Justine Nagan and Tim Horsburgh lead the workshops and bring in guests to listen to our pitches and share experiences with us. The information they bring to the monthly sessions is practical and immediately useful, but the real value of the program is having your ideas mingle with other filmmakers that are in the same boat. We’re an example in true diversity. In us, you’ll find a range of ethnicities, ages, faiths, educations, tax brackets, cultural sensitivities, filmographies and approaches to documentary. We have members that found documentary through full time teaching jobs in other academic fields. Others have years of experience working in television or journalism. Some shoot verite, others like talking heads and a few of us are going the first-person route. No template would fit us all, but good puzzles are meant to have unique pieces.
We had our second to last session last week and it gave me another brush with the roots of Chicago documentary. I’d stepped into Kartemquin headquarters once before but screening in a KTQ Labs setting and getting the official tour were brand new experiences for me, since I missed the boat on the KTQ internship. That’s why I turned into a giddy school girl and started snapping pics on my phone when Tim Horsburgh picked up one of the 16mm synch sound cameras that made cinema verite possible. The beast reminded me of the Sony PD-170 that I began my career with but the changes that it brought to the filmmaking process mirror those brought by the DSLR. It made acquisition quicker and more affordable but also carried restrictions on shot duration and required a separate audio recorder, much like the kit I use today. We saw newer, fancier cameras but they’ll come and go. This thing is eternal.
Another great moment came during introductions and pitches, where Gordon Quinn and special guest Peter Kuttner referenced projects I’m familiar with. Gordon had new postcards for 63 Boycott, a film and website that reunites participants of Chicago’s biggest ever civil rights march. I’d heard of the project because our close friend and fellow Food Patriot, Arlen Parsa, put the website together. It was great to hear it referenced by one of the higher-ups in the room. Peter disregarded camera department credits for Ferris Bueller’s Day Off, Groundhog Day or Dark Knight, which would have impressed anyone. Instead he plugged End of the Nightstick, the flagship program for Community Television Network, the educational non-profit that I work for and wrote about last year.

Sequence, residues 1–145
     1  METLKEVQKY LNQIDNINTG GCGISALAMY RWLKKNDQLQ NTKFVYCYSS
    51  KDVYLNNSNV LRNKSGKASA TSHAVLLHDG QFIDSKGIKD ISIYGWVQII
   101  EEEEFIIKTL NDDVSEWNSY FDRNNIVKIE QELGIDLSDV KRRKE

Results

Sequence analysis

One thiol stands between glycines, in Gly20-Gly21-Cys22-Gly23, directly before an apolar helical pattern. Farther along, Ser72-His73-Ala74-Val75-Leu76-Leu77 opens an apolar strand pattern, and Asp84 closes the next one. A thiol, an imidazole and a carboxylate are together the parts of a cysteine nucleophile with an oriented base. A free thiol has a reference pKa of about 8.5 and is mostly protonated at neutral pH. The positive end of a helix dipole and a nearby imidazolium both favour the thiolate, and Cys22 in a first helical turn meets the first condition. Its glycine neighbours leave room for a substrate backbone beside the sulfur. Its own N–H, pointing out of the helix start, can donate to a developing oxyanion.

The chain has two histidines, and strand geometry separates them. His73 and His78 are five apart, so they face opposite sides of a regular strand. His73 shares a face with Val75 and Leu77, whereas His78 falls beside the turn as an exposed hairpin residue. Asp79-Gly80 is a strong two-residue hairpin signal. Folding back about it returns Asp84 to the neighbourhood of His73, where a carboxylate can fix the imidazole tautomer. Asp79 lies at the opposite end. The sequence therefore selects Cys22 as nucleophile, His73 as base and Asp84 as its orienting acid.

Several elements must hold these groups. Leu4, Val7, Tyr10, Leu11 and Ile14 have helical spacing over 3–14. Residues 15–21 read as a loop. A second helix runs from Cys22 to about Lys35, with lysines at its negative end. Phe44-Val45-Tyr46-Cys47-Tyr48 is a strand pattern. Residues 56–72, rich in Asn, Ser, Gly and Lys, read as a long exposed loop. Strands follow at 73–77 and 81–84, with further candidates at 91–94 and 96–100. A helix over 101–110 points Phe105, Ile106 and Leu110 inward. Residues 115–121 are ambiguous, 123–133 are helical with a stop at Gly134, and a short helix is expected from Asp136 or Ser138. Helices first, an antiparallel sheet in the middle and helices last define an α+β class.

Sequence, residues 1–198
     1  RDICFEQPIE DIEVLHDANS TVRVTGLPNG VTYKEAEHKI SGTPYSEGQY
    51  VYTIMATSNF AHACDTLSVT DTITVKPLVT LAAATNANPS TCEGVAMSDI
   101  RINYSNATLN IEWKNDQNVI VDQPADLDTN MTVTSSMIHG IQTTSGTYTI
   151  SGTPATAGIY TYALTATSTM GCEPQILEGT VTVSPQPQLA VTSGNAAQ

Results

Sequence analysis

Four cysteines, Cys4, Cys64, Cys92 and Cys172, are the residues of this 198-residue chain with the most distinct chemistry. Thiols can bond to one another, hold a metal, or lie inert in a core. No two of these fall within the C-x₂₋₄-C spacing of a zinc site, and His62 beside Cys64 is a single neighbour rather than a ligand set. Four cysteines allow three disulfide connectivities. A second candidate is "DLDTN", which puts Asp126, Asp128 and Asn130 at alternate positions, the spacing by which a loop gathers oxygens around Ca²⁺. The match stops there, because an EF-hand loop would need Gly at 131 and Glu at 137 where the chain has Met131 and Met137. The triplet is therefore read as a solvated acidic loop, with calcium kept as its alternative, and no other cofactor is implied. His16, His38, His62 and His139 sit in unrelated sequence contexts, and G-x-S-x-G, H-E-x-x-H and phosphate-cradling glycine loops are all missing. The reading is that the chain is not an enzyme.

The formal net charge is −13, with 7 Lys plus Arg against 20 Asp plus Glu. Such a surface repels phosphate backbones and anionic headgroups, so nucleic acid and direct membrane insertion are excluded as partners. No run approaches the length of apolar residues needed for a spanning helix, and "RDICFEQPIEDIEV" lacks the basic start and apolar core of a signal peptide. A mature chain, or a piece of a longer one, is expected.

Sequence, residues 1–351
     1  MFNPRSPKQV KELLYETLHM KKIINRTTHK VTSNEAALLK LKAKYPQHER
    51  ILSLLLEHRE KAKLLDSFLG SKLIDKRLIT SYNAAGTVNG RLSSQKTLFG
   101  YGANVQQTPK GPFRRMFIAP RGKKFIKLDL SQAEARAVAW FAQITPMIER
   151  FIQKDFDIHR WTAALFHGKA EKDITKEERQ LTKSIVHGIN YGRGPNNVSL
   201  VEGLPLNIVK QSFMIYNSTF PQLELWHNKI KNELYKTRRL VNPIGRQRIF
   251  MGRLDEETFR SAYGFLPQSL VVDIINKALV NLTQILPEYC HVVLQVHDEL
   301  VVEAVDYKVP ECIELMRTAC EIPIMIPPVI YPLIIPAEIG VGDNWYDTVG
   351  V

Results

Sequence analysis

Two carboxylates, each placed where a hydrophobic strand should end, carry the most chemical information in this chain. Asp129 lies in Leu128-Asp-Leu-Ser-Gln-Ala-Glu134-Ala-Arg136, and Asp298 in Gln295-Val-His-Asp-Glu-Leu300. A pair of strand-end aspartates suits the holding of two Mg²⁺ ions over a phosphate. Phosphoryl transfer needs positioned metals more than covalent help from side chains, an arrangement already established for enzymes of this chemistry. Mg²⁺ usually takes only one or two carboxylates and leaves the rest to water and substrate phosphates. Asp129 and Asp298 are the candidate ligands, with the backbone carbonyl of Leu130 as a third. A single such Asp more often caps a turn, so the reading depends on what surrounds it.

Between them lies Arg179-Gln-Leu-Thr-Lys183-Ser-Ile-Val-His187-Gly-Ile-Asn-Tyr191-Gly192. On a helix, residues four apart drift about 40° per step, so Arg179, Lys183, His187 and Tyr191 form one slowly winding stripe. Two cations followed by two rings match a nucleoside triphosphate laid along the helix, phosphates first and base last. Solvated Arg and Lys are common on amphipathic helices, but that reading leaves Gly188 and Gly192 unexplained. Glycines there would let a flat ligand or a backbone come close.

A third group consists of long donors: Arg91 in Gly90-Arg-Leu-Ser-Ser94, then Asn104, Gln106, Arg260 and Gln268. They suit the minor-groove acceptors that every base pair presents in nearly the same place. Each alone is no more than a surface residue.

Artists are the gatekeepers of truth. We are civilization’s radical voice. – Paul Robeson (1898-1976)
The best part of the program is exchanging ideas and feedback with filmmakers that value stories from outside the mainstream. All the filmmakers; Camille S. DeBose, Darryl Pitts, Derek Grace, Grantlin Banks, Heather Charles, Jesus Mario Contreras, Jonathan Ashley Amsterd, Junko Kajino, Kelly Pope, Pamela Sherrod Anderson, Philister Sidigu, Raymond Lambert, Ronnie Reese, Shahari Moore, Shuling Yong, Tony Williams, Tracey Scruggs Yearwood, Zia Nizami took different paths to get to this point but we’re on the same road now. We’re learning about each others cultures and finding commonalities between our struggles. This speech by Harry Belafonte is one that I wouldn’t have known about if not for a link that was shared between the group and it makes me proud to be part of this radical bunch.